On both the inside and outside of the can there is a thin layer of plastic. On the inside it is white, on the outside it is clear. Using a knife scratch away the plastic from where you want the joint to be. Because of the surface tension of the solder, you don't have to get rid of all of it. So long as the solder has a place to get to the metal, it will lift the plastic and bond underneath
2: Tin the metal
Run a bead of solder along each side of the join separately. This means that we know the solder will stick everywhere, as well as knowing that the solder will be right in the joint
3: Hold pieces together and solder it
Hold the pieces together, using a clamp if necessary, and solder it! I find the easiest way is to put a blob of solder on the soldering iron and tack the two ends together. Then run the iron along in the corner. Make sure the shape of the solder joint is a nice curve. Blobs mean it hasn't made a good joint.
You can bridge gaps of up to 2-3mm with solder!
- You're working with a soldering iron. I can personally tell you they are quite hot.
Step 5: Repeat As Necessary (Some More Tips)
Yup, you can do them. Simply do them a centimeter or so at a time. Try to make sure the metal is bent into the right shape already so when you do the next cm, the previous lot doesn't flick out. A pair of pliers is really useful.
Because you tin each side of the joint all you need to do to make a good connection is heat it and hold the bits together. It's easiest to heat it by running the iron down the joint, but if you're trying to close a box you can do it from the outside! Solder doesn't tend to stick to the plastic so you can get it quite neat.
It's a tin can, there will be little gaps everywhere. My experience shows that this isn't a problem. You can still make good joints. They even make the structure stronger. That said, if you find a way to flatten out the can properly, let me know.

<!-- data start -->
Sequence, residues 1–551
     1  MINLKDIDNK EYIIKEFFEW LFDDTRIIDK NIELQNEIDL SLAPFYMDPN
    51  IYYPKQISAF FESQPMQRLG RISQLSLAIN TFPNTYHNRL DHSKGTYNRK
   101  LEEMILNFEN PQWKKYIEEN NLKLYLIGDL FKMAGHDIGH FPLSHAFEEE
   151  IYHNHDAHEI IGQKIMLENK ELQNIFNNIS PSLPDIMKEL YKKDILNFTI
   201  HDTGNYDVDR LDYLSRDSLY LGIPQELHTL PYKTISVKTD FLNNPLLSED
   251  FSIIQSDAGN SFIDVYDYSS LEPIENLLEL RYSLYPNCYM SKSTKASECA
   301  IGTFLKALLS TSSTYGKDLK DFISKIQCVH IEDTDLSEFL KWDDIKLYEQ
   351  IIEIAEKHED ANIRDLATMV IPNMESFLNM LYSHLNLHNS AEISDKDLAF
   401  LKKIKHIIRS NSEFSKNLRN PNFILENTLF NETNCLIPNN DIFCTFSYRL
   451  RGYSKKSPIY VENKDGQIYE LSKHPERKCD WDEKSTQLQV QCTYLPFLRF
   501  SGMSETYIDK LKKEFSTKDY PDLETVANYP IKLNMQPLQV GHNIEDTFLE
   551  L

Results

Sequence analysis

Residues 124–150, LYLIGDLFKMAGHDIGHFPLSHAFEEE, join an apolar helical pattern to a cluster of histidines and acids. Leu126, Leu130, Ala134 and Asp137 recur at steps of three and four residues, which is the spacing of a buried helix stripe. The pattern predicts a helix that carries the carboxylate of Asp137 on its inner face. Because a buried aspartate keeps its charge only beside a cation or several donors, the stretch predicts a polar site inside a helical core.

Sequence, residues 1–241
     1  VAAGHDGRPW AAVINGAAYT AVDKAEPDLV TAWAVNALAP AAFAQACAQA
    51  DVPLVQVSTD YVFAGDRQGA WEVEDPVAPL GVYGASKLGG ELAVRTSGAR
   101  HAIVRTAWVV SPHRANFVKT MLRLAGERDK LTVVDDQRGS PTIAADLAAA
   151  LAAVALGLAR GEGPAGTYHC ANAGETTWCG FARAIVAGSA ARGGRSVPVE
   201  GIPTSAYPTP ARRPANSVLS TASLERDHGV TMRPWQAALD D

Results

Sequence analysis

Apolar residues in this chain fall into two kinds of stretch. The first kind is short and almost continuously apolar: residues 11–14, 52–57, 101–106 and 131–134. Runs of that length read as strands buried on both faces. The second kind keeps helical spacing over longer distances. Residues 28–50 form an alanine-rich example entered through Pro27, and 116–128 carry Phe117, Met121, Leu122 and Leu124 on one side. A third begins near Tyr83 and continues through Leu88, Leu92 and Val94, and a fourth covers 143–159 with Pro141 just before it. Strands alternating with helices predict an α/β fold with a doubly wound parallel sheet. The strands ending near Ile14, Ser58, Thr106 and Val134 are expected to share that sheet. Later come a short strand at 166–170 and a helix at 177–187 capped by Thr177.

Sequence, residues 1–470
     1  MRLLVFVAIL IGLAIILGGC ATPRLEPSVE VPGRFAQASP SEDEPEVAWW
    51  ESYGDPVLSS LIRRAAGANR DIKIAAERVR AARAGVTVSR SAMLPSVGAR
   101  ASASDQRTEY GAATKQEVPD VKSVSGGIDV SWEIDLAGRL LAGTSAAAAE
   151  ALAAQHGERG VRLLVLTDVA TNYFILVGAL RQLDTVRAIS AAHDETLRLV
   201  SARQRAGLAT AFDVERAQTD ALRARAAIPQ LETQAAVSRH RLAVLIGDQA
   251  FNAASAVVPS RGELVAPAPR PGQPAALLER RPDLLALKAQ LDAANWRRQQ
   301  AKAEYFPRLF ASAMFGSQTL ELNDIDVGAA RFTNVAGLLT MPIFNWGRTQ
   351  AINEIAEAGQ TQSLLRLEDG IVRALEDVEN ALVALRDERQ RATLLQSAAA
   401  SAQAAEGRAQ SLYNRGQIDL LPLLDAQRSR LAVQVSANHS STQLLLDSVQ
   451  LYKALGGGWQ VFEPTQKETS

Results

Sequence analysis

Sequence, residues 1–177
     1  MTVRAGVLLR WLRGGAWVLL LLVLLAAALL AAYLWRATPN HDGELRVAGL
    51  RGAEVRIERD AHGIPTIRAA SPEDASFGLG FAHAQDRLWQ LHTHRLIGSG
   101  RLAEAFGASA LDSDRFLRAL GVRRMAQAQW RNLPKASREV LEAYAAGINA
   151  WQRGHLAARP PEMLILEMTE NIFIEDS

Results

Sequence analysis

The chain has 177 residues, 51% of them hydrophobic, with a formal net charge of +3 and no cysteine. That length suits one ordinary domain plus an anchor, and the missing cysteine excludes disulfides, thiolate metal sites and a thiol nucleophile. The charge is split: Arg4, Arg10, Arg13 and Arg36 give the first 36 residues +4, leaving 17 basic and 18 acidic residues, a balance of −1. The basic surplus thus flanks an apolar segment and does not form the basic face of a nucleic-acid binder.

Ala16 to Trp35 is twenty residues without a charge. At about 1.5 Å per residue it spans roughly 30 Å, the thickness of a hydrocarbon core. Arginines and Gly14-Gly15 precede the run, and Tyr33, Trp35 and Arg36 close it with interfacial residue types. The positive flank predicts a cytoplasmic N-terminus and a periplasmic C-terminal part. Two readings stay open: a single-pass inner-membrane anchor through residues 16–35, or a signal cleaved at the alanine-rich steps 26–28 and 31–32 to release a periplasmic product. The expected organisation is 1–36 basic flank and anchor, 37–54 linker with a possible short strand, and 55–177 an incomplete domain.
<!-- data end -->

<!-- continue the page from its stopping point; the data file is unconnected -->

Bends and warps:
Because the can was originally round, the sheet wants to bend up, and this leads to warps in your constructions. I've found that so long as you have a closed/box section this isn't a problem. With just the three sides (first picture), it didn't want to sit nicely. Upon adding the tube-thing to join the sides it settled down. Did I mention how strong tin can is because of the corrugations? Yeah, it's really tough.
Step 6: Conclusions
Was this successful?
Yup, I discovered that I could make strong structures really quickly and really cheaply. All it took was a little thinking and a few burned fingers.Using this technique I made an air-tight pressure chamber for an electronic wind instrument, a prototype drive mechanism for a small robot, and I plan to use it for a lot more
But there are definitely areas that I need to think about more, mainly: How can I flatten a can better? Get rid of the corrugations and warps? This will mean that things look better, and the material is nicer to work with. Sure, I could just buy thin steel plate but that takes money.
If you have any good ideas for how to extend this method of rapid prototyping, let me know.